The importance for Hispanic families to choose what’s best for their child’s education

JACKSONVILLE, Fla. — National School Choice Week runs from Jan. 22 through Jan. 28 and it’s meant to empower parents to discover the K-12 education options available for their children. But for Hispanic families, a language barrier can cut off access to important information.


IDEAS Public Charter Schools in Duval County are changing that.

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“Their mission is to get 100-percent of their students to go to and through college,” Amy Castellanos, a 6th grade teacher at IDEAS Public Charter School River Bluff campus, said.

Castellanos devotes time to guide families and help students like 11-year-old Justin Proano. She’s currently teaching him English.

“And we give them the time they deserve to learn the language,” Proano emphasized.

“Here we practice every week,” she said, in Spanish.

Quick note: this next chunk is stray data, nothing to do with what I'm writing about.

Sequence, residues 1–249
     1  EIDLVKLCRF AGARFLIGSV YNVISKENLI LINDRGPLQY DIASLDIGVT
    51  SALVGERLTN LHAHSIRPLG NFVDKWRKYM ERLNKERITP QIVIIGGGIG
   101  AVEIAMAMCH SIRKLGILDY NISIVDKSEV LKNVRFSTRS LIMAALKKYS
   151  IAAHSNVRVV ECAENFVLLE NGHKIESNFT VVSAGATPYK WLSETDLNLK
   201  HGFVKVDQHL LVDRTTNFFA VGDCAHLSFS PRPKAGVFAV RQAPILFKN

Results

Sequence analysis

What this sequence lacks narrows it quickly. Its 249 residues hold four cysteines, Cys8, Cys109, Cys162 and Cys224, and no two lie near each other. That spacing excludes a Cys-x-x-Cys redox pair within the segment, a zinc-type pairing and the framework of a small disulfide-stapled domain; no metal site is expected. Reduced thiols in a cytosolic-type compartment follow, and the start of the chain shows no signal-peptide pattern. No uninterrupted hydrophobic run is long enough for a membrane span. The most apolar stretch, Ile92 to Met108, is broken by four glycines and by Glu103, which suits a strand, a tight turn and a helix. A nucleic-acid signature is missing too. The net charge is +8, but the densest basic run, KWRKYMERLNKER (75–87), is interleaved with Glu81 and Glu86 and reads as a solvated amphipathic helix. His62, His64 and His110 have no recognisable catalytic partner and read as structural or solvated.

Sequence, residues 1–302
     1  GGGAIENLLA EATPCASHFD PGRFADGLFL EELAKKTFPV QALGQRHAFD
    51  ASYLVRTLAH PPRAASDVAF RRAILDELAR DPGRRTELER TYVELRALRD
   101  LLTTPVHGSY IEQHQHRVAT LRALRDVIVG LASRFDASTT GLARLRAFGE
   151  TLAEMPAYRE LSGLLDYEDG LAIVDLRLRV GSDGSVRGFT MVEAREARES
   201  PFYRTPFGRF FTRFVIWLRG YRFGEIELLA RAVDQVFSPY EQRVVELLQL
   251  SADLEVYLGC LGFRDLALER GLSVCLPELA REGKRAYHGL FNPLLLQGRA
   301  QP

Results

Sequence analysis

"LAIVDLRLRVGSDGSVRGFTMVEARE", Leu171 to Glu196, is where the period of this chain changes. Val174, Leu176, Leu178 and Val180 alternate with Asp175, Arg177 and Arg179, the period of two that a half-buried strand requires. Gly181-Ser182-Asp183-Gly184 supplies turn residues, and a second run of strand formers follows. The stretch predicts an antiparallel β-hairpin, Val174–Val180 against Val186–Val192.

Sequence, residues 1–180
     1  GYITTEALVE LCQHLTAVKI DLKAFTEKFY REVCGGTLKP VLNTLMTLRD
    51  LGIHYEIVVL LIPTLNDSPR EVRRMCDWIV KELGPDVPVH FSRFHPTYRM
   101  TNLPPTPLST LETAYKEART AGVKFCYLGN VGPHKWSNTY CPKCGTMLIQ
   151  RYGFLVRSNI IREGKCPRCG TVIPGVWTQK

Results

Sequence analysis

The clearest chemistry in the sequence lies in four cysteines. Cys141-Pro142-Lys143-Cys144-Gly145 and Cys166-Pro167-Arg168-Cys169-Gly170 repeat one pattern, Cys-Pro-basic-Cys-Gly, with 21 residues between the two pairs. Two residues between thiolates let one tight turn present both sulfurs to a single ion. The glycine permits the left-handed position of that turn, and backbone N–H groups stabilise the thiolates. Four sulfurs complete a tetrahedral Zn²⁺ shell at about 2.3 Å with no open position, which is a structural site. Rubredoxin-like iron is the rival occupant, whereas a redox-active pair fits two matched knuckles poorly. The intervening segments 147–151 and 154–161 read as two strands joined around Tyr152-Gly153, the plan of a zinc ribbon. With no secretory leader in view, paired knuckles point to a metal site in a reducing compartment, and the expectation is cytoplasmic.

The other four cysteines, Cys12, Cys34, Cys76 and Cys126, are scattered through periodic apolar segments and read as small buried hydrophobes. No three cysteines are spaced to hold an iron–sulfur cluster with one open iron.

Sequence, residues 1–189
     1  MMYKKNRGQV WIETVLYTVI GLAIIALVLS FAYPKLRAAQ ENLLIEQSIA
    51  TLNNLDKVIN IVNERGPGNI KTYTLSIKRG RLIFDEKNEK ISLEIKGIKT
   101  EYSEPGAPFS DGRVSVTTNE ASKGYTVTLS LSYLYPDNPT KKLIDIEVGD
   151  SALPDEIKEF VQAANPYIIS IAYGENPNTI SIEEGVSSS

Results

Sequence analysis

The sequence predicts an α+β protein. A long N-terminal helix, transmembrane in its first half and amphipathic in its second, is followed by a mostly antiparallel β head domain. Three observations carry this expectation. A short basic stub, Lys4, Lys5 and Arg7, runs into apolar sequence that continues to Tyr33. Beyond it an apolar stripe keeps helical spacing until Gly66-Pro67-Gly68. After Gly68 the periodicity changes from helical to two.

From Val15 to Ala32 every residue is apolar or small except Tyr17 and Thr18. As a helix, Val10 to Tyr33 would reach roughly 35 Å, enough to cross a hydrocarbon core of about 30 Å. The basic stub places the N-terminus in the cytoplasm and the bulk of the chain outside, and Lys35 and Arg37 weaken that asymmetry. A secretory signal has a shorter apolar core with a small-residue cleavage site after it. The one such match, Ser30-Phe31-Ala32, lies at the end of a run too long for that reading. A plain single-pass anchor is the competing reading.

He and his mother moved here from Ecuador.

“When I came here, it was hard because everyone spoke English and I didn’t speak much,” he explained. “But I’m getting used to it now.”

Thanks to the one-on-one instruction the school offers, he’s grown a whole year in reading, so his mom feels she made the right choice.

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“Coming here was a radical change,” mother Jeniffer Estrada shared, in Spanish, as she reflected on their journey. “But with our efforts, and thanks to tutoring from the teachers, there has been such a big improvement.”

“I’ve improved a lot!” Proano said with a smile.

“It’s just amazing the growth that he’s made,” Castellanos emphasized.

Statistics show, choices matter to parents now more than before.

National School Choice Awareness conducted a Spanish survey as part of its Conoce tus Opciones program, which found more than 60% of Latino parents have considered switching their children to a different school in the last year. Those numbers are up from 2022.

So Castellanos wants to encourage parents to explore options.

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“[Parents] should pick [a school] that they feel comfortable with and that they know they’re going to get that support that they need,” she recommended, emphasizing, that, “the kids, the community and the state as a whole will benefit and will see the success.

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